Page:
A new report about a brawl on Metro Line 3 is casting a spotlight on the ongoing drama involving subway beggars, featuring a colorful but also unruly cast of men, women, children and even babies who spend their days pandering for money beneath the streets of Shanghai. I have some thoughts about how to tackle the problem, though there really are no quick and easy answers. Such subway beggars are far fewer in the US cities, and don’t exist at all in other major Asian cities like Hong Kong, Taipei and Singapore.
I have to start off any discussion on this issue by sympathizing with the city for the wide array of problems it faces in policing its state-of-the-art but often overcrowded and sometimes unruly subway system. In addition to beggars, subway workers must deal everyday with large number of fare jumpers, passengers who try to bring dangerous materials onto trains, and even people who try to walk along the tracks.
The mix of rascals includes an eclectic hodgepodge of beggars, ranging from musicians, karaoke singers and baby-carrying mothers to handicapped and disfigured people missing limbs and covered with scars. Such a cast of characters is far more colorful than in the US, where the occasional subway beggar doesn’t come with any special props and simply walks up and down the train aisles asking for money.
Shanghai’s latest subway confrontation began when a passenger on Line 3 tried to stop a woman from begging in the car. When the beggar refused, an argument broke out that quickly turned into a fight. Some other passengers tried to stop the beggar from attacking the passenger. Another began recording the incident on a cellphone, prompting one of the beggar’s cohorts to try to snatch the handset.
All of this sounds like a bizarre comedy, except for the fact that it’s true. Such altercations seem quite common these days on the subway, not only involving beggars. Several months ago another passenger was attacked after asking some parents not to let their child urinate inside the car. And during a broader crackdown last year, many fare jumpers became outraged and attacked the subway employees who caught them.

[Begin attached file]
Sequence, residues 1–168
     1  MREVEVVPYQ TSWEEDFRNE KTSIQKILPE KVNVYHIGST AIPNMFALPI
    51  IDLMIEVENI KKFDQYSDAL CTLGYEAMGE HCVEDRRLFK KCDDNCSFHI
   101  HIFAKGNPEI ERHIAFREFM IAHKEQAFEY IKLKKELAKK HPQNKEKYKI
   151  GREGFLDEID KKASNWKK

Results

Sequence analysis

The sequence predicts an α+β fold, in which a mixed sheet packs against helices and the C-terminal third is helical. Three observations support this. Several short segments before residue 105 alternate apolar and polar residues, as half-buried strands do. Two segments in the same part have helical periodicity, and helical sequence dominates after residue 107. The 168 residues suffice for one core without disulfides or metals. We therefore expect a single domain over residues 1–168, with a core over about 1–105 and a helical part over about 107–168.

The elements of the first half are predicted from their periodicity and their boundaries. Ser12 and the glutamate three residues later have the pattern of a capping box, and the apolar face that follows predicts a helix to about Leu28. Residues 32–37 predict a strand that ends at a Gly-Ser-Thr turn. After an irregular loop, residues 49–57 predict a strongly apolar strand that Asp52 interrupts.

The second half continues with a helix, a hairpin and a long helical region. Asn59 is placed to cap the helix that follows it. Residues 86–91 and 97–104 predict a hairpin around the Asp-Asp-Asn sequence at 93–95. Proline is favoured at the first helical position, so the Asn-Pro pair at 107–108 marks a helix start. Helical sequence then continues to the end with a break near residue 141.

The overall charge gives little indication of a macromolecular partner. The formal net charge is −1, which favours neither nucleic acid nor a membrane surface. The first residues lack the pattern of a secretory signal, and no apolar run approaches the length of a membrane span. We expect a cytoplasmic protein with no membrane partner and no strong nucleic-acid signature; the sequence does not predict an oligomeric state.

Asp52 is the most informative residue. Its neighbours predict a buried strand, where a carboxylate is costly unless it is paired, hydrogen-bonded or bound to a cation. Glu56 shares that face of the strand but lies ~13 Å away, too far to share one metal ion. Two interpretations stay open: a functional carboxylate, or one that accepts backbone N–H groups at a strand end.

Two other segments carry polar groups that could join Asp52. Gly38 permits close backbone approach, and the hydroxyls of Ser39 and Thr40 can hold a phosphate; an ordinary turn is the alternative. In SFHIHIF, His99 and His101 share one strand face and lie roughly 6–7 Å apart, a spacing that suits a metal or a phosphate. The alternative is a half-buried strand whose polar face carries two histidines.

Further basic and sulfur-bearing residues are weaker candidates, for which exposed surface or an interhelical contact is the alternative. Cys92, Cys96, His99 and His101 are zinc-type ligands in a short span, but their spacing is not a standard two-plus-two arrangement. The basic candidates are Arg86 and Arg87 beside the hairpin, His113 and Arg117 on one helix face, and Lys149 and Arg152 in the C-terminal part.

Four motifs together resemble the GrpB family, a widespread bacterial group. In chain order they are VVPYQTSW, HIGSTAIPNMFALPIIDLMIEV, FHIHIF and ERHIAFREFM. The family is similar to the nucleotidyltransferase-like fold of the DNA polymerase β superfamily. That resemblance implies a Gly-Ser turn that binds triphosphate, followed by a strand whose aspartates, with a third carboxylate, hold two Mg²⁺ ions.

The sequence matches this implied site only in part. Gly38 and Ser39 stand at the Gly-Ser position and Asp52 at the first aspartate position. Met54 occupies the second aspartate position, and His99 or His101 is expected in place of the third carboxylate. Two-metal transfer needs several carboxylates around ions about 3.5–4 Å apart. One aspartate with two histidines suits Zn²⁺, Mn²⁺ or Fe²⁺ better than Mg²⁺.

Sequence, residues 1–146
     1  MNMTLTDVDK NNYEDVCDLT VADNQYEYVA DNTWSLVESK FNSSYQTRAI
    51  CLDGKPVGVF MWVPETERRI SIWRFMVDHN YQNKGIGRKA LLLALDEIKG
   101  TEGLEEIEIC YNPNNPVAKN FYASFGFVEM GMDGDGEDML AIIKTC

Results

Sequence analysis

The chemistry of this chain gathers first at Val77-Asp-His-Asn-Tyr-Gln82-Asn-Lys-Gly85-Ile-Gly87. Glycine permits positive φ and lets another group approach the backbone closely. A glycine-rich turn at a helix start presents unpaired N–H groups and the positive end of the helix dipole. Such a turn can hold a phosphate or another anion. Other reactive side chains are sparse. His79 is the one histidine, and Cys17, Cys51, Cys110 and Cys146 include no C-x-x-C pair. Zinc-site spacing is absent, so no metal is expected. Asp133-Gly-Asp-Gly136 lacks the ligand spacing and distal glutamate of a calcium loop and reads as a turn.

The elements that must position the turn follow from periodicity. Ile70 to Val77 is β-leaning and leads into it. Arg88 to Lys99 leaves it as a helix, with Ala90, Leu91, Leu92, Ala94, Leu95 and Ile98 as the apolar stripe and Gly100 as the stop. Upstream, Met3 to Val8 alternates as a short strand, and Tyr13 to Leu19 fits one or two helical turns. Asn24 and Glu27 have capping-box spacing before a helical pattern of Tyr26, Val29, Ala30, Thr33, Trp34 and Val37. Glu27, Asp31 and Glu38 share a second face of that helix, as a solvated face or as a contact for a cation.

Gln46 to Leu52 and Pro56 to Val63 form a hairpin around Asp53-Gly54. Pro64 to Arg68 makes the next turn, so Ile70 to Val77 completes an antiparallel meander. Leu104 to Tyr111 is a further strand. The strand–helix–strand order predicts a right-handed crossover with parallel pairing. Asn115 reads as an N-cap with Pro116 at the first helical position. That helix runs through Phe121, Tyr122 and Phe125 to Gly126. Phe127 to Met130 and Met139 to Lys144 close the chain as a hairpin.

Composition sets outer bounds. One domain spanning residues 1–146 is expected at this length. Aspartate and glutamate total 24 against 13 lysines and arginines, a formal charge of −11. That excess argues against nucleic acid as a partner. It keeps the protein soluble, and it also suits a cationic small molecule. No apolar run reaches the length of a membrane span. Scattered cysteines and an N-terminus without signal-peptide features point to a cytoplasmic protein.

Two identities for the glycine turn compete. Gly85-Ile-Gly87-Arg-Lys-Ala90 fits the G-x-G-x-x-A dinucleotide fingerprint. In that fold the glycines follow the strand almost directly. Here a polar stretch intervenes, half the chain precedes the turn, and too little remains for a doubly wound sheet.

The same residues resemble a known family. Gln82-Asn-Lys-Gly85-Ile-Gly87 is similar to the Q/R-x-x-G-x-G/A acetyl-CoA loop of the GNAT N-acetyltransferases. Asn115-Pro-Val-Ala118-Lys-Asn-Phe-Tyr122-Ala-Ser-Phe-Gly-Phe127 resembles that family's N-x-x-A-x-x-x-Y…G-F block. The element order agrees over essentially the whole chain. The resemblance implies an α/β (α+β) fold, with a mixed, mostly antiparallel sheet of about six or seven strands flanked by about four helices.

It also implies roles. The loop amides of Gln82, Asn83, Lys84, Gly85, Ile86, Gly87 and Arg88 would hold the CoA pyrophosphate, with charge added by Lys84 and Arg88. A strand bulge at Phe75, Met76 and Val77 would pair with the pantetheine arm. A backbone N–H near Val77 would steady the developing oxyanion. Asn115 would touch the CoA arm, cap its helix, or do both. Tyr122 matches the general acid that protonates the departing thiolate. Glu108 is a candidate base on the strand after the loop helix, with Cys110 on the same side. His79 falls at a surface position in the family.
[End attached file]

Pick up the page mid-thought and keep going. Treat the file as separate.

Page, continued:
The presence of so much conflict in the subway is probably a direct result of so many migrants in Shanghai, many of whom can’t find regular jobs and are must resort to less conventional means to earn a living. Some cases like the urinating child also arise from ignorance, since many of these migrants may simply not realize it’s improper to urinate in public places like subways in big cities like Shanghai.
But let’s return to the beggars, as that problem really does seem to be getting worse these days. Personally speaking, I have little or no sympathy for most of these people, who seem more like actors than people who are really desperate and poverty stricken.
I’ve heard that many of women who walk through the cars with babies on their backs or boys or girls holding their hands aren’t even the real mothers of those children, and that those children are sometimes kidnapped from their hometowns and bought to big cities to work as props for their abductors. Many of the disfigured people also seem like actors from circuses in a previous era, and even the karaoke singers are offering a strange kind of performance as they walk through the cars while singing over their portable sound systems.
I did some online research, and discovered reports saying that some of these people can earn up to 10,000 yuan per month. The reports say police have tried a number of tactics to clean up the problem, including trying to shame the worst offenders by publicly naming them on a government microblog. I was also somewhat surprised to read that some people actually criticized the tactic as unfair treatment of a disadvantaged group.
All of that brings me back to my original question of better ways the city might manage the problem, which is annoying for passengers and can even be dangerous as we saw with the latest conflict. I personally think the public shaming is a good idea, and could also be used for other subway scoundrels like fare jumpers. After all, these beggars are all engaged in illegal behavior, and I don’t see why the worst offenders shouldn’t lose their right to privacy when they repeat the same crime again and again.
But as with many things in China, I do think education is probably a better long-term solution, not only aimed at offenders but also at passengers. Migrants to Shanghai need to learn about the norms of city behavior, not only from posters and ad campaigns but by observing proper behavior among Shanghai residents who sometimes also act badly in public.
More fundamentally, subway riders also need to be educated to stop giving money to these beggars. After all, begging is very market-oriented. If a beggar discovers that no one is giving him money, he will probably quit and look for other ways to make a living. Perhaps more TV news stories about how many of these actors are fakes, and a publicity campaign encouraging people to ignore them could help to clean up a problem. At the end of the day, these people are not only a nuisance but also a blemish on Shanghai as it tries to emerge as a major international city.